At Natures Clinicals we believe that all the knowledge you will ever need about nutrition is within your reach. Within you is an amazing storehouse of all the information you have ever encountered about diet. Your body knows better than any book what nutritional balance it needs. It tries constantly to communicate that information, but it's just not always received and interpreted accurately.
Flax Seed Oil has become a very popular dietary supplement due to its high Omega 3 content. Omega 3 is an essential fatty acid that our body is unable to produce and should therefore be present in our diet for the maintenance of good health. Current food trends have resulted in a depletion of available Omega 3 in our diets. Adding Flax Seed Oil to our daily food intake through a varity of recipes or simply as a dietary supplement, rebalances this deficiency.
Pumpkin Seed Oil is extracted from the seeds of special varieties of pumpkin (Cucurbita maximus) and is rich in phytosterols and antioxidants. The unrefined oil has a rich flavor and a unique color. It appears dark red in the bottle, but once poured the oil is dark green with a deep red tinge.
As a general guideline, whole natural foods, unprocessed, free of chemicals, pesticides and colorings are a great place to start. Most of us are fortunate enough to have ready access to an abundance of beautiful fruits, vegetables, grains, and minimally processed meats as well as plenty of fresh fish.
Linseed Breakfast Cereal
Reprinted with permission from the author Maria Middlestead from her book 'The Shape Diet' Natures clinicals highly recommends this book
This is prepared in the traditional way the Swiss do their muesli and the Scots do their porridge, which is to soak it overnight. Soaking helps make whole-grains, nuts and seeds easier to digest and less capable of binding with key minerals and then limiting their absorption. It will also soften the linseed for better access to its interior Omega 3 and soluble fibre. Be prepared to still observe the dark seed casings at the exit end of the digestive process though! An entire week’s worth of cereal can be soaked and refrigerated. Each morning a small amount is briefly cooked. The cooking time is just sufficient to make the soluble fibre more available and yet not long enough to damage the vitamin E and Omega 3 in the linseed. This also minimises the loss of B vitamins in the rice bran and other grains. The ‘steaming’ method is outlined below. It is a good treatment for rice, other whole, ground and flaked grains.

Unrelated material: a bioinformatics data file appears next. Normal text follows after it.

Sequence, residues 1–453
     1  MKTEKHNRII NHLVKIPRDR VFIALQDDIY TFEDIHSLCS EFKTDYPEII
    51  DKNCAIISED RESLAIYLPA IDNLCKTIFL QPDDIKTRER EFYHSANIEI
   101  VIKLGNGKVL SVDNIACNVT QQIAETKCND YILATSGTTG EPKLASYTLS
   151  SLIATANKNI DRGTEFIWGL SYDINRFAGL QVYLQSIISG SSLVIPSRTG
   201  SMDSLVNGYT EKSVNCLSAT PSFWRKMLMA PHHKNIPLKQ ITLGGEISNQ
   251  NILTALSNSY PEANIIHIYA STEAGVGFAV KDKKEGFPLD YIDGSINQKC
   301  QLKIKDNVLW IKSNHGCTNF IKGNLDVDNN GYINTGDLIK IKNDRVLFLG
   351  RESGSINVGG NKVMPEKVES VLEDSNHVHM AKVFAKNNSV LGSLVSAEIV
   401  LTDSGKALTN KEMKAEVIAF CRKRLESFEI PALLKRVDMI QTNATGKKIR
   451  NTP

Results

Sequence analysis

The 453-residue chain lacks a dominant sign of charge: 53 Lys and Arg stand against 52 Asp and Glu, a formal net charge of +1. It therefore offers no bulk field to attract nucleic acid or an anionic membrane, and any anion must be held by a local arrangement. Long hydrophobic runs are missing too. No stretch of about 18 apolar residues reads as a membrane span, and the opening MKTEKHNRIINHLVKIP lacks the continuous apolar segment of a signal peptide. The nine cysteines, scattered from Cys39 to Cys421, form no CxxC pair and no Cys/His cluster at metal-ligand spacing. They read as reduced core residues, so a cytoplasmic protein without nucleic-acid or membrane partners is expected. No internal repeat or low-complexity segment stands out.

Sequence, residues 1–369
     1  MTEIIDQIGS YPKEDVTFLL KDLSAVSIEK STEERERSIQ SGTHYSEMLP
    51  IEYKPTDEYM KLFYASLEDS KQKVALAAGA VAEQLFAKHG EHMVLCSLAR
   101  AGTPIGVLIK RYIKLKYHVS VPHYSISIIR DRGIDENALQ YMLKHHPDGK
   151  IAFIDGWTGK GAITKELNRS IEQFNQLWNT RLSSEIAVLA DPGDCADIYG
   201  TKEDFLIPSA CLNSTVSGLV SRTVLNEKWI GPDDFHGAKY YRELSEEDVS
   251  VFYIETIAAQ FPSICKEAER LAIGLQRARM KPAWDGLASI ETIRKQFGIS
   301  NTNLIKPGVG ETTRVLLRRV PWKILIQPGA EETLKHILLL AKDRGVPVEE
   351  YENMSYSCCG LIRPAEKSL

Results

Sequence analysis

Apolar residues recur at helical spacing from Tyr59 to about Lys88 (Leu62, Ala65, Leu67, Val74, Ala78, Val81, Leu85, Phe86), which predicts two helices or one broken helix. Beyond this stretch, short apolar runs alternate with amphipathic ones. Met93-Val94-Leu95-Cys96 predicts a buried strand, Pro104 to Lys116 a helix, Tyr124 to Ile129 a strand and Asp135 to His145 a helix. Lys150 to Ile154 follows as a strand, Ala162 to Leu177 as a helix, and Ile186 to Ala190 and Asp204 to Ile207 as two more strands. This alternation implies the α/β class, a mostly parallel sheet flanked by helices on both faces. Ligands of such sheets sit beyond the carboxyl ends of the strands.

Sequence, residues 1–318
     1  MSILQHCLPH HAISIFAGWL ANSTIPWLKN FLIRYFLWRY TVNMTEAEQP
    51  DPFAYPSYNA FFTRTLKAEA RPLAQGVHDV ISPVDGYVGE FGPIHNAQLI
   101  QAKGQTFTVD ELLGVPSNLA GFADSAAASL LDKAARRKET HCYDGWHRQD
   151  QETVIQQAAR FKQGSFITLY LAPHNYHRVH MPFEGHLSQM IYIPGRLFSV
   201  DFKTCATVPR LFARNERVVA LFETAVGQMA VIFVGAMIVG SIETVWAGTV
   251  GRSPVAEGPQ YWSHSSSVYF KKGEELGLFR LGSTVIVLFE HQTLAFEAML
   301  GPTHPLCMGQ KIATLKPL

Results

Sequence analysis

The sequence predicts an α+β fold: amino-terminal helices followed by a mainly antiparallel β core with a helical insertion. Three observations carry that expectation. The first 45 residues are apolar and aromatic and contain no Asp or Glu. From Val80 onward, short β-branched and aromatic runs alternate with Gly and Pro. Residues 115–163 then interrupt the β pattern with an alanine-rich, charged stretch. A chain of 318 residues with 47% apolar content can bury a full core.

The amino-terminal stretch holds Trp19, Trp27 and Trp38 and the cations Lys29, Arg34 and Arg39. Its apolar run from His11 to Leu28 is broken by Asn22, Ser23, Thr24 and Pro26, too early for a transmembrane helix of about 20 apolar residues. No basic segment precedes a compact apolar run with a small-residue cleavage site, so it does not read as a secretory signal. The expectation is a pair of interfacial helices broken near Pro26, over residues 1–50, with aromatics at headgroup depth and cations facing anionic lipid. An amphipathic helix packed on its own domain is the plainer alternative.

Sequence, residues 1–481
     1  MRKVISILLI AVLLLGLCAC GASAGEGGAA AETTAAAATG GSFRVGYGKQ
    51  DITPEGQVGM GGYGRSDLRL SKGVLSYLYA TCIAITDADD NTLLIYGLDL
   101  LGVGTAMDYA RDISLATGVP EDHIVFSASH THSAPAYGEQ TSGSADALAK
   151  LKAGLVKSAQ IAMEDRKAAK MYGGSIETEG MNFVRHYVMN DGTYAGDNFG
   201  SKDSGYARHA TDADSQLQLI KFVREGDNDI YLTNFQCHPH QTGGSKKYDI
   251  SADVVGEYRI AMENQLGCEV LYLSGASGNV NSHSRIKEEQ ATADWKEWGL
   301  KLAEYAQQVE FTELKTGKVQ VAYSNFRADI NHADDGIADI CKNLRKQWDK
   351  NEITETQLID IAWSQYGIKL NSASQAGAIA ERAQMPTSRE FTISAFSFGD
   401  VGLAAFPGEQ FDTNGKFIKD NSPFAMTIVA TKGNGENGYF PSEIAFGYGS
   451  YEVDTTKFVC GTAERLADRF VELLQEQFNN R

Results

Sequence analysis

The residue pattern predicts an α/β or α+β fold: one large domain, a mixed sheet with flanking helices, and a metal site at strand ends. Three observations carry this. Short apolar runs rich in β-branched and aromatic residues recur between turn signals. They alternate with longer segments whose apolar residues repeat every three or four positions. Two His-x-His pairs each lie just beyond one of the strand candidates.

Linseed Breakfast Cereal
1 ½ cups organic whole linseed (HS)
½ cup rice bran (HS)
½ - 1 cups buckwheat flakes, rolled oats or barley; or ground: millet, amaranth, quinoa or cornmeal (HS)
¼ - ½ cup dried fruit
¼ - ½ cup nuts, seeds
optional cinnamon, nutmeg, mixed spice, ground cloves, pure vanilla 2 cups water
An alternative guide to quantities:
Instead of measuring, you can judge the amounts visually in a jar as illustrated. Use about ½ linseed and ½ everything else.
Method of preparation
In a clean glass 1-litre jar, combine the linseed, rice bran and grain. Stir in dried fruit, nuts, seeds and optional spices. This is much easier to mix when dry, before adding the water. The jar should be about ¾ full. Stir in the water in batches and mix cell. Cover and refrigerate. By morning the water will be absorbed. The result should be neither hard nor drippy. The cereal should scoop out with a cream cheese like consistency- firm but still moist. In the morning place 3-5 heaped tablespoons of the soaked mixture in a small saucepan with ¼ cup or more of Milk Option. Cover and over high heat bring the cereal to bubbling simmer. Stir, re-cover and turn off the heat. Place a towel over the top and sides of the pot to trap in the heat and ‘steam-cook’ the cereal. Be careful to keep the towel off hot burners. Let sit undisturbed for 7 minutes or longer. It will have a porridge consistency but a darker, speckled appearance. Top with Milk Option and/or fruit as suitable.